Editor’s note: Writer Rebecca Golden‘s attempt to create copy for Groupon ads ended in not success, but “serious rejection.” Her take on what happened appears below.
Ever need serious rejection for your head blob? Try applying to write ads for Groupon! Today’s special disappointment is the hope that you will no longer have to have three part-time jobs, one of which involves cleaning toilets. For just a few hours of your time, you can write sample ads about opera and bowling and learn that getting the voice of one of the most popular web businesses in America is lot trickier to master than you might expect.
So I learned when I tried to write ads for Groupon. My initial sample, for a deal involving kayaking, used a joke about how paddling skills could save you in the inevitable zombie apocalypse. We all know it’s coming, but so few of us have workable plans. While cardio and weapons skills are clearly not my bag, I do have a cunning mind and certain amount of ruthlessness where my own survival is concerned.
I decided long ago (okay, two months ago while watching AMC’s The Walking Dead) that the best plan would be to gather a group of survivors, all the gasoline and firearms our convoy of RVs and Hummers could carry, and head for the Lake Erie shore. Once there, we would loot a boat and go to South Bass Island. Zombies cannot operate machinery. They are not able seamen. So once we clear the island of any remaining zombies, we can start the human race anew with ample access to fresh water, fish and arable lands. I imagine we could clear zombies very effectively by scaling the Perry Peace monument and shooting them from a safe remove. Using the peace monument for this is rather a sad irony, I know, but human survival must come at any cost.
With this plan in mind, I wrote a snappy sample about paddling and the zombie apocalypse. Also, there was a joke about how customers are advised to bring a snack, though they might opt for granola and not braiiiinss!!!. I made it to the second round, where they asked for a sample about cheap box seats at the Pittsburgh Opera’s production of Carmen. The dangers of second-hand cigarette rolling have never been more delightfully enumerated. I also mentioned my surprise at the idea that Pittsburgh’s greatest cultural offering was not, in fact, ballet danced by welders who sometimes strip. The feedback for this ad was pretty good, though I was warned to be less aware of my jokes and that even hinting that the item on offer was in some way good was too “sales-y”.
For my final sample, I wrote an ad about bowling. Groupon frowns on pop culture references. Still, I burned to write about rolling on the shabbos. I knew references to “(expletive deleted) with the Jesus” would never fly, but when I think bowling, I think of Jeff Bridges, John Goodman and nihilists having their ears bitten off. My cat’s name is Lebowski, and he’s an avid bowler (if you count batting dead things around dark corners of my apartment as bowling). I restrained myself. I led with the fact that the sphere doesn’t get the respect reserved for other geometrical objects. Cubes get to be televisions, and pyramids are pyramids, but spheres? Well, now you can bowl with them, and that’s the best thing in the world.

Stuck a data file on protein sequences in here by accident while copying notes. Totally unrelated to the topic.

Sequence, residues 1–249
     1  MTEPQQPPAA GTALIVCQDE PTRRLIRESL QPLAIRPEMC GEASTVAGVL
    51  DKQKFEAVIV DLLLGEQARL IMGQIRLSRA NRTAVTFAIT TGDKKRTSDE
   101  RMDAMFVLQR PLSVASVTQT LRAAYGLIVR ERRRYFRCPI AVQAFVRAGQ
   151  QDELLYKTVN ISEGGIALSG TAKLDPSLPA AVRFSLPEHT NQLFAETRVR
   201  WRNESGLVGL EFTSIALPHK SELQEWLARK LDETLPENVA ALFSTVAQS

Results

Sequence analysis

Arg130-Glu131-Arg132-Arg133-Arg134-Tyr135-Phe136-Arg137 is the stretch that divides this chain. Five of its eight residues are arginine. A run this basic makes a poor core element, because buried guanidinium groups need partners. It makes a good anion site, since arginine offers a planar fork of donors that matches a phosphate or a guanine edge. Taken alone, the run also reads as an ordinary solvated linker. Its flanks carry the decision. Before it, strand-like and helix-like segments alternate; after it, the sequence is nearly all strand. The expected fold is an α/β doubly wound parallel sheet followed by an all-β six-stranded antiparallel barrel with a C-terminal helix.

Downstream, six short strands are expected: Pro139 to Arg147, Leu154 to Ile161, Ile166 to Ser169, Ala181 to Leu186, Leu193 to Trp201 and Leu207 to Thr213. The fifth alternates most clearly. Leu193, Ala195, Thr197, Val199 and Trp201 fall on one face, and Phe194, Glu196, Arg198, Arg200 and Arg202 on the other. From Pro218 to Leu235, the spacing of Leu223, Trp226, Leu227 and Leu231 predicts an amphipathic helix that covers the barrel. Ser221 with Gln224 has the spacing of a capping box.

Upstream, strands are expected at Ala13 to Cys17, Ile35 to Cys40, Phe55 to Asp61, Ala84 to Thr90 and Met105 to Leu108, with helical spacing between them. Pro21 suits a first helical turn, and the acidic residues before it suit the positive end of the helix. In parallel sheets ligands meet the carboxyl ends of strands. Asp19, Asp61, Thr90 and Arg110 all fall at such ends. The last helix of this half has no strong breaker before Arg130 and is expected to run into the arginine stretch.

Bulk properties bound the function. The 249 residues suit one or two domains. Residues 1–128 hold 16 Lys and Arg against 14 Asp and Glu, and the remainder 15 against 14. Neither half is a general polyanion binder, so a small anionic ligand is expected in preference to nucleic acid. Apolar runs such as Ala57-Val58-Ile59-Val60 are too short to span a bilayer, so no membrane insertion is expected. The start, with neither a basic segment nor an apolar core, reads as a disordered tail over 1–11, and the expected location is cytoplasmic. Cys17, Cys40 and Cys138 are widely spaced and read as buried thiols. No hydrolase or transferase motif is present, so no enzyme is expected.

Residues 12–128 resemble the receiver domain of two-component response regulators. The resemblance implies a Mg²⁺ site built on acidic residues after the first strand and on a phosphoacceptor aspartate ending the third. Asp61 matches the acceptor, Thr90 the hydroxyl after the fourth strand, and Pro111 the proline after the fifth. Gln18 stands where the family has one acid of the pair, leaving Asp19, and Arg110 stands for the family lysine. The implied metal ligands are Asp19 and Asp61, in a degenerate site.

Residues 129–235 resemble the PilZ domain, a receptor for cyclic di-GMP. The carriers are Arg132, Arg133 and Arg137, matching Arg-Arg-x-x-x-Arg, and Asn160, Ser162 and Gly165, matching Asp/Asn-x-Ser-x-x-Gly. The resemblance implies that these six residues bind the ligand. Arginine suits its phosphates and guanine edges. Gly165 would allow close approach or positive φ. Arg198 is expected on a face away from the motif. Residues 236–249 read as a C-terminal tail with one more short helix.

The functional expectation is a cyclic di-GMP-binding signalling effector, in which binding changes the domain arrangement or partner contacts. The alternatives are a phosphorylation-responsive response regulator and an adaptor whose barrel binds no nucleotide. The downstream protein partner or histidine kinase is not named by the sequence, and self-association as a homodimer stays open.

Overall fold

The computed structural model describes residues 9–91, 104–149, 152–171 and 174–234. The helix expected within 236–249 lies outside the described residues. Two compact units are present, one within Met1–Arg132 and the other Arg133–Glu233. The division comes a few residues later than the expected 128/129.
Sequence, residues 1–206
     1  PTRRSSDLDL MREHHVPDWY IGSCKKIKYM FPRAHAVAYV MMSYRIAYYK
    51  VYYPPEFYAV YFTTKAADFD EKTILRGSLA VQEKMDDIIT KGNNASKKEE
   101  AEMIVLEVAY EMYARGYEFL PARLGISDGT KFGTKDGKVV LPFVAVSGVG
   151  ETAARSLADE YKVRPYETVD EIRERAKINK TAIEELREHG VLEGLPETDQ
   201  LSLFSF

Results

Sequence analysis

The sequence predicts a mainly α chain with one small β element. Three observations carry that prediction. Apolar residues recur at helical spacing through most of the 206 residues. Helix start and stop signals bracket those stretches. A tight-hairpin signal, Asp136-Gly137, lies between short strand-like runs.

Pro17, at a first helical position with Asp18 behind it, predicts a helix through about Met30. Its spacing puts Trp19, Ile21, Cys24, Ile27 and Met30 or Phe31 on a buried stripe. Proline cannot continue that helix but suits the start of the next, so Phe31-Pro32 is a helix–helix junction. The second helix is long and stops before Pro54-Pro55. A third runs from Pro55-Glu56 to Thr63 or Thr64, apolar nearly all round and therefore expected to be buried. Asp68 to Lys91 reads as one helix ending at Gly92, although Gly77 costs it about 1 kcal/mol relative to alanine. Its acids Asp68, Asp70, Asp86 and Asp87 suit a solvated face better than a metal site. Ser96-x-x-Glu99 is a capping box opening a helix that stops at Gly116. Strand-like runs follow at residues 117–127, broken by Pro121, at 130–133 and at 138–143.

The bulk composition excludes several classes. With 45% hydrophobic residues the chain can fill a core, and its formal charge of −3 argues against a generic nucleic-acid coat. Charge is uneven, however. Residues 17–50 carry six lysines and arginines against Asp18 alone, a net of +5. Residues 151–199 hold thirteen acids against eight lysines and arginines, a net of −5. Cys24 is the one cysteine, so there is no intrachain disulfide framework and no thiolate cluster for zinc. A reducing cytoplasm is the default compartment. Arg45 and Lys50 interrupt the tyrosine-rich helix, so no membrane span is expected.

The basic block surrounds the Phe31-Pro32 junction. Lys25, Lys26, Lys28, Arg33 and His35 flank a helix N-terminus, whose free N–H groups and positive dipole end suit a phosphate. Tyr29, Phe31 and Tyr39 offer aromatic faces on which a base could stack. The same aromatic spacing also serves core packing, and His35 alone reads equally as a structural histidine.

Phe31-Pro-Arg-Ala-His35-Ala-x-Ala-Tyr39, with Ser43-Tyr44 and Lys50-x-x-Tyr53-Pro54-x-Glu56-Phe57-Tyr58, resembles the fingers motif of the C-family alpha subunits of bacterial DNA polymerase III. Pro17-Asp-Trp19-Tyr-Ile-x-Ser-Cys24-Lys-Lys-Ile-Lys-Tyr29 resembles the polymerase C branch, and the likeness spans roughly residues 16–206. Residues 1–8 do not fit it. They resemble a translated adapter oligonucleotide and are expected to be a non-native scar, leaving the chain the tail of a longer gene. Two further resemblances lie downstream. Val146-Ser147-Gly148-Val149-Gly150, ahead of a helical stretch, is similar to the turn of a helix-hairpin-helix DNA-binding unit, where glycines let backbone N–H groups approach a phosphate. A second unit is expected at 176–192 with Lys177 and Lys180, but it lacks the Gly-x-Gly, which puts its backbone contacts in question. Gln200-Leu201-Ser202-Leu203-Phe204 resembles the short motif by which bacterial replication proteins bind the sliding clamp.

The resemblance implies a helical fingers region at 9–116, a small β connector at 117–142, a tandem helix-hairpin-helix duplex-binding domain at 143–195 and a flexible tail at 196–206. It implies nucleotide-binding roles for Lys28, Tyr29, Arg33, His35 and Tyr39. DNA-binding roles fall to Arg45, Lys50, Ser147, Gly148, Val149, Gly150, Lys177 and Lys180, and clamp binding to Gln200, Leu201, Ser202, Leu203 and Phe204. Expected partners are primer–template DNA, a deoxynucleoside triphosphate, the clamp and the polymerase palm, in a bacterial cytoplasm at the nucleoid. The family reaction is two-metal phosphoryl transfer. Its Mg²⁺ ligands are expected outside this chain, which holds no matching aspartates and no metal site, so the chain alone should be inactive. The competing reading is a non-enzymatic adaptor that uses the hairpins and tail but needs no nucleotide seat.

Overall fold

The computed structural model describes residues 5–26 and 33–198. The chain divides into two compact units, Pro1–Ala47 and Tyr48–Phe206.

After a tense weekend, I got the news: while I’m “a great writer”, I just don’t mesh with the Groupon style. I would receive payment for my samples (a decent and generous policy, I admit) and the company would continue with some other lucky candidate. I felt awful. I’d felt some conflict about taking the job to begin with. I like to imagine that I am a serious writer, and serious writers do not talk about stuffing things in your head hole (one Groupon style guide tells aspiring writers that this is a good way of describing a human mouth). Still, the money would have meant giving up cleaning houses (one of three jobs I do to support my writing). And even commercial writing is creative and fully compensated work.
Rejection is not a new phenomenon for me. I’ve had editors tell me (via my lovely and devoted agent) that I wasn’t funny enough, or too funny, or that my memoir (which sold and was published in England) wasn’t sad enough or real enough or that it lacked enough grotesque, terrible detail about various childhood miseries I endured. Having someone reject your actual life should feel worse than having someone reject your ability to write snappy, faux-hip adverts for cut-rate sushi and pole dancing cardio classes. Still, I thought about the difference that job would’ve made in my life and felt like someone had punched me hard in the head hole.
I soldier on. I write. I devise master plans for 2011. I have declared it my year. I will sell the book here (so that people don’t have to buy it on foreign offshoots of Amazon). I will lose more weight (like everyone else plans to do in January). I will apply to grad schools and learn to play one Ben Folds song on the piano (no, I don’t actually know how to play the piano). And when the Groupons come to my mailbox — today’s deal is half off on a 60-minute massage — I plan to make use out of at least one of them. While having strangers touch me for money has never appealed to me, I do like cut-rate sushi and cheap tickets to the symphony. Despite the rejection, Groupon will likely be part of my life for a long time. That’s the deal, and (so long as it doesn’t involve crazy amounts of physical exertion or intimate body waxing) I’d be a fool not to take it.
Rebecca Golden, a frequent contributor to Salon and the Times of London, lives and writes in Toledo, Ohio. She is currently working on an America-friendly adaptation of Butterbabe (Random House UK), her memoir of enduring school bullying and overcoming extreme weight issues.